Freshwater | WWF
© Thomas Cristofoletti / WWF-US

Freshwater

Water is the lifeblood of the biosphere, underpinning social and economic progress.

However, only 3% of the water in the world (which accounts for over 70% of the earth’s surface) is freshwater deemed fit for human consumption (Rinkesh, 2016). Around two-thirds of that is tucked in frozen glaciers and unavailable for our use. Some 1.1 billion people worldwide lack access to water, and a total of 2.7 billion find water scarce for at least one month of the year (WWF). WWF strongly advocates that all freshwater ecosystems – rivers, lakes, wetlands and associated aquifers – should be sustainably managed and wisely used to meet the needs of both biodiversity conservation and human development. This chimes with our vision “Freshwater ecosystems and their services sustain people and nature”.

In the Mekong Delta Landscape, water plays an important role in the locals’ lives. Thanks to water, the Delta has become an agriculturally and aquatically highly productive zone. However, the Delta is facing permanent water resource problems such as floods, saline intrusion, acid sulfate soils, water pollution and droughts. Such problems threaten the region’s agricultural production, livelihoods and mounting threats to species and habitat, these are expected to become worse due to climate change and upstream development. WWF works to ensure the hydrological integrity and water quality in the Mekong River system in the Mekong Delta, Viet Nam is maintained or restored:

  • Ensure policies, legislation, and governance structures are strengthened to effectively improved water governance of Mekong river systems;
  • Ensure water/river stewardship approach are demonstrated and businesses in targeted sectors ( textile, sand mining, aquaculture etc.) engaged addressing water risks and developing business/production standards
  • Ensure input of waste into rivers and canals has been reduced by (i) promoting and piloting separation of waste at household level (ii) promoting better production (and exploitation practices) in commodities/sectors (aquaculture, agriculture, fisheries, sand mining, etc.).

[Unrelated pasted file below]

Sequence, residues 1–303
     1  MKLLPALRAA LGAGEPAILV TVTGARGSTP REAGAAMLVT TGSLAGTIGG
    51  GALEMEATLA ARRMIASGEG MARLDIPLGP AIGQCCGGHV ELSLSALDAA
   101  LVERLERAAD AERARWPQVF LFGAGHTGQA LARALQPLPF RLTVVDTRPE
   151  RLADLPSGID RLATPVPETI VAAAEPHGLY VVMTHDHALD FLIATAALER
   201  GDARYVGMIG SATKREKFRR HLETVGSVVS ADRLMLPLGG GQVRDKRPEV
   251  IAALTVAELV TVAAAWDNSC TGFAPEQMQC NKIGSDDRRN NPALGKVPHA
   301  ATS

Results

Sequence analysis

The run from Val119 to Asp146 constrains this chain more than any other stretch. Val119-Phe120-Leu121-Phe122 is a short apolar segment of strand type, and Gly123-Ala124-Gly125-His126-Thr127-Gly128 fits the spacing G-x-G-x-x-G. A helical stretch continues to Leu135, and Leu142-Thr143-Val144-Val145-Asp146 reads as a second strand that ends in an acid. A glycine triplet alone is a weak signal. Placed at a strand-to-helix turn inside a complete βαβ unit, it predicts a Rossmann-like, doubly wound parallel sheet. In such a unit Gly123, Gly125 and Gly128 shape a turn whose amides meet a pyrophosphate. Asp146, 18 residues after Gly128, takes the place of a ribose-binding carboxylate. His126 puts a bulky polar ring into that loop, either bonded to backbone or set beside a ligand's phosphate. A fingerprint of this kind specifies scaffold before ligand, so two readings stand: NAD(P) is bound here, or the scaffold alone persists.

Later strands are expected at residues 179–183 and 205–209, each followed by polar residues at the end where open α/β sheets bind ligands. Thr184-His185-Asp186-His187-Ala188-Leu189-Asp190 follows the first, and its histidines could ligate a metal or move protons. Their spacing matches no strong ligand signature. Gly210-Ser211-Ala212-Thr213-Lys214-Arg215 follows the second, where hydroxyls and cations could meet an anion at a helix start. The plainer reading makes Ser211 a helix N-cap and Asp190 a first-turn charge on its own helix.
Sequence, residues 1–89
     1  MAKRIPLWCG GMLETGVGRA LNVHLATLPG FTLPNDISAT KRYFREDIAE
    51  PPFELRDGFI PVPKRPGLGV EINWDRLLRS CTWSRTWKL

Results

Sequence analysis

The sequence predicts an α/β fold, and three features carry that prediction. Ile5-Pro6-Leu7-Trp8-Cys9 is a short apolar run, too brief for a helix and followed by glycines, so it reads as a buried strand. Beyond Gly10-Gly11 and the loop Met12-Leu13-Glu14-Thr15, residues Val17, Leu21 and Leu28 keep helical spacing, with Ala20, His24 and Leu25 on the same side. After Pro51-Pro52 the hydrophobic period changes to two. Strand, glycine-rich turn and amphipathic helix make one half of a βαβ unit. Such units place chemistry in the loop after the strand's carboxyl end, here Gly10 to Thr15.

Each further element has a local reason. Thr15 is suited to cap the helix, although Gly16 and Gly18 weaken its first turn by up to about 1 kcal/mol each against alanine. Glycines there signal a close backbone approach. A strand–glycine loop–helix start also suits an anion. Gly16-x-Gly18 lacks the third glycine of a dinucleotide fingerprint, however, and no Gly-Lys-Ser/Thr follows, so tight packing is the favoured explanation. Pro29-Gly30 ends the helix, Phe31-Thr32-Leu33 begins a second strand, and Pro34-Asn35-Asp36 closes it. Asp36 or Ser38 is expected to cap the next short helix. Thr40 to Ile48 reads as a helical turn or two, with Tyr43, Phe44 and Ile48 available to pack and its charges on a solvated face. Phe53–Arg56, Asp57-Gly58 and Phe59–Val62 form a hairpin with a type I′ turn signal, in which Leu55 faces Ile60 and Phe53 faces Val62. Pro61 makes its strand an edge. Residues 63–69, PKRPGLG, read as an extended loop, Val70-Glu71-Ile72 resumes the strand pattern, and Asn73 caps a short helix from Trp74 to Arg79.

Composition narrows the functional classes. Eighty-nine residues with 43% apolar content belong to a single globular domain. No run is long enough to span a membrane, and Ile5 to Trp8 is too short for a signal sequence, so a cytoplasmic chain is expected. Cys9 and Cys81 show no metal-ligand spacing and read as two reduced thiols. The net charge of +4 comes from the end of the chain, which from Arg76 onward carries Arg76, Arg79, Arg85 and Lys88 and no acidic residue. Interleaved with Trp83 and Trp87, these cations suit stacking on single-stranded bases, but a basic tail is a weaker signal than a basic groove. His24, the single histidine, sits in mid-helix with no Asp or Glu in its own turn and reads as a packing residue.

© WWF-Viet Nam / Dao Quoc Binh

Protected areas are one of the most effective tools for conservation of species and natural habitats; they also contribute to the livelihoods and well-being of local communities. In the Mekong Delta, WWF works closely with wetland protected areas to ensure the freshwater habitats and priority species, critically endangered migratory bird Sarus Crane, in the Mekong Delta maintained or restored:

  • Improve capacity for both technical staff and rangers on wetland ecological and hydrological management;
  • Strengthen law enforcement and wetland management regulations;
  • Restore key habitats for critically endangered species (e.g. Bengal florican, Sarus crane, Painted stork, Oriental darter, otter, etc);
  • Designate new Ramsar sites, biosphere reserves, and ASEAN Heritage Parks in the Mekong Delta
  • Support sustainable livelihoods models for communities in and around protected areas as well as engage them in biodiversity conservation and wise-use of wetland resources.
© Martin Harvey / WWF